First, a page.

The Temple of the Sacred Tooth Relic in Kandy is commonly known as Tooth Temple. It’s also called Sri Dalada Maligawa by locals. It enshrines a canine of the historical Budhha Shakyamuni, one of the most venerated relics in the entire Buddhist world. Since the 4th century AD, this relic has played a major role in local ceremonies and became a kind of national palladium, as in the Middle Ages and modern period it has been believed that the holder of the Tooth Relic is the chosen guardian of the faith and rightful ruler of the island and the city safekeeping the relic is the capital of the Buddhist nation. The Kandyan kings became the protectors of the Tooth Relic in the late 16th century. Kandy has therefore been regarded as the Sinhalese capital and the Tooth Temple formed a part of the royal palace.
The buildings of the Tooth Relic Temple in Kandy are mainly from the late 18th century, except from the wooden hall in the very centre, which keeps the Sacred Tooth and is crowned by a gilded canopy. This hall is from the 17th century, its two storeys are known as "Palle malaya" (lower floor) and "Udu malaya" (upper floor) or "Weda hitina maligawa". The entire complex of the Tooth Relic Temple together with the nearby Hindu Devales is a UNESCO World Heritage Site.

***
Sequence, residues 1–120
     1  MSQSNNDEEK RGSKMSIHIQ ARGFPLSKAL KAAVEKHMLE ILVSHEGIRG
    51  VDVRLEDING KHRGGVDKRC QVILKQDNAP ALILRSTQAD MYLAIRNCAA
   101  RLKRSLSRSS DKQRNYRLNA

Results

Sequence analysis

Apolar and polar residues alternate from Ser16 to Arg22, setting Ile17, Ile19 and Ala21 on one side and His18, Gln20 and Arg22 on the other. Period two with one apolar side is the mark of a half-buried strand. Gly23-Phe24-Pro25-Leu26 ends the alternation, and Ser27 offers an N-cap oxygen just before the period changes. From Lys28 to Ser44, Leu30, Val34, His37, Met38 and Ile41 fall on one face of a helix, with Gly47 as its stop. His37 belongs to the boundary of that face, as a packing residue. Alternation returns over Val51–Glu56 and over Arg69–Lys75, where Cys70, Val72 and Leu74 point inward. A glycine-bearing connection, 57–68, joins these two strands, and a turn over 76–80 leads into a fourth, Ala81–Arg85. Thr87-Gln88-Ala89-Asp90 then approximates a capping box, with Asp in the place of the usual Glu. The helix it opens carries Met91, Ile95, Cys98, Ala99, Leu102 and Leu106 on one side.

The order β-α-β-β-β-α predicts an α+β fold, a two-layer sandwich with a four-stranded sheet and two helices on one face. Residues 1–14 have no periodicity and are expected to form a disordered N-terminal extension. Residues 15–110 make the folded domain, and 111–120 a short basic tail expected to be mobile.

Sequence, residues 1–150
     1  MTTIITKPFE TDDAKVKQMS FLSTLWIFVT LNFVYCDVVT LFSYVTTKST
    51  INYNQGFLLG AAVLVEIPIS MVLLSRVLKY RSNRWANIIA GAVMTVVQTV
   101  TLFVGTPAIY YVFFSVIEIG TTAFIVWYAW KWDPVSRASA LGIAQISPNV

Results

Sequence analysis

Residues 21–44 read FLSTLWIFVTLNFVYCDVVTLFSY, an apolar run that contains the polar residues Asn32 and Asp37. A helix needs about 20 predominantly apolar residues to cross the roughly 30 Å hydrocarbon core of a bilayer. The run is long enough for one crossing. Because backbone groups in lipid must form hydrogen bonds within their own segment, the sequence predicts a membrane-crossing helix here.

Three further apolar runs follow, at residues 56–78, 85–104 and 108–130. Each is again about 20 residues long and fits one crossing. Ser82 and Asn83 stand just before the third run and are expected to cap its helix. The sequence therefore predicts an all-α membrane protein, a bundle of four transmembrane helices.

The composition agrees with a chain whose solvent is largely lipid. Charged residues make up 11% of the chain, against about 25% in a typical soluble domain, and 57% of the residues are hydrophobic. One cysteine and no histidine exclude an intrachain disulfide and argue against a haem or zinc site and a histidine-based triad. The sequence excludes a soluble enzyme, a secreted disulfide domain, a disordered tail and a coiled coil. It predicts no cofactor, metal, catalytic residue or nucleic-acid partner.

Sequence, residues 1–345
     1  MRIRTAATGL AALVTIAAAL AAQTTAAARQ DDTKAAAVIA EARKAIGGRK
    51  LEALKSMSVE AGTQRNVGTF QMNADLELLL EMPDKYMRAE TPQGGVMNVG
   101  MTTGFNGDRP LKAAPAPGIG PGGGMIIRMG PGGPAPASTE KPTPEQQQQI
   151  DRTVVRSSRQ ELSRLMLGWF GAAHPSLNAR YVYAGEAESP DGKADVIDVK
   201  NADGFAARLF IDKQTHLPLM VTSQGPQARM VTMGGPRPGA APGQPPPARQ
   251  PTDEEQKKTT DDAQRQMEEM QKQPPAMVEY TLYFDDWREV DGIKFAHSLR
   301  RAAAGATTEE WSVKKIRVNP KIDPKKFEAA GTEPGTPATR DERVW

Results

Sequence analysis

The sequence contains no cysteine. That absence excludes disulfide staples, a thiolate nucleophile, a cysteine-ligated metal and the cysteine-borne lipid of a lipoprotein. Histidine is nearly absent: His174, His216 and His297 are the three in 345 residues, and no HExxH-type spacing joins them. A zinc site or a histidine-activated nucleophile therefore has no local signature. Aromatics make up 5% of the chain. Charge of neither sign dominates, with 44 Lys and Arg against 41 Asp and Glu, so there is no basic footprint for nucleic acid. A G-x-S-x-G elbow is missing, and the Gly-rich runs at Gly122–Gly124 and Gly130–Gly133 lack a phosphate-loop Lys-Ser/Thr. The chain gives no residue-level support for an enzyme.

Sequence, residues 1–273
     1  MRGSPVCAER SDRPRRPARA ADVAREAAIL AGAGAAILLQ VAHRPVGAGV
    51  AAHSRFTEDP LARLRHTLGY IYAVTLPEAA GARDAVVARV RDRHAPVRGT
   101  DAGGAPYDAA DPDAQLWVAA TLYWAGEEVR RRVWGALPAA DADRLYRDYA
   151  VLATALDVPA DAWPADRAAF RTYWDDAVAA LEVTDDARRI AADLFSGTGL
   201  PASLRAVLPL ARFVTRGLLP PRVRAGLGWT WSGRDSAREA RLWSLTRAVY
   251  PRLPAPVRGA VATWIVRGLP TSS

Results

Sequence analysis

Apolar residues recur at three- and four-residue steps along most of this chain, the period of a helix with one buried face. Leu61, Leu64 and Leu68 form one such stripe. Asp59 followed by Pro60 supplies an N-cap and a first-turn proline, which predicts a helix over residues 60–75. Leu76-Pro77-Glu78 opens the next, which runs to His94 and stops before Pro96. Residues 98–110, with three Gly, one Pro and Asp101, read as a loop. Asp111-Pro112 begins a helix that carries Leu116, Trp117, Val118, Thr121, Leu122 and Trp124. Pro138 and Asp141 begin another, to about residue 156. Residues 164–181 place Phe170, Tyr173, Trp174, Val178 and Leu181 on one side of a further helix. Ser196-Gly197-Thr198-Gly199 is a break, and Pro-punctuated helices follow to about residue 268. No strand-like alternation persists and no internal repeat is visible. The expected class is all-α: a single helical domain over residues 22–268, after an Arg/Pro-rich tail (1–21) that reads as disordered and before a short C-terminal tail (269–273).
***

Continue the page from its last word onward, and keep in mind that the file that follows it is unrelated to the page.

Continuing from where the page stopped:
The best times to visit the temple are the three daily puja ceremonies. Foreign guests are welcome to join the celebrations taking place mainly in front of the upper floor of the wooden hall, if they are dressed properly and behave in a respectful way. Taking pictures of the ceremonies is permitted.
Nuwan Chinthaka Gajanayaka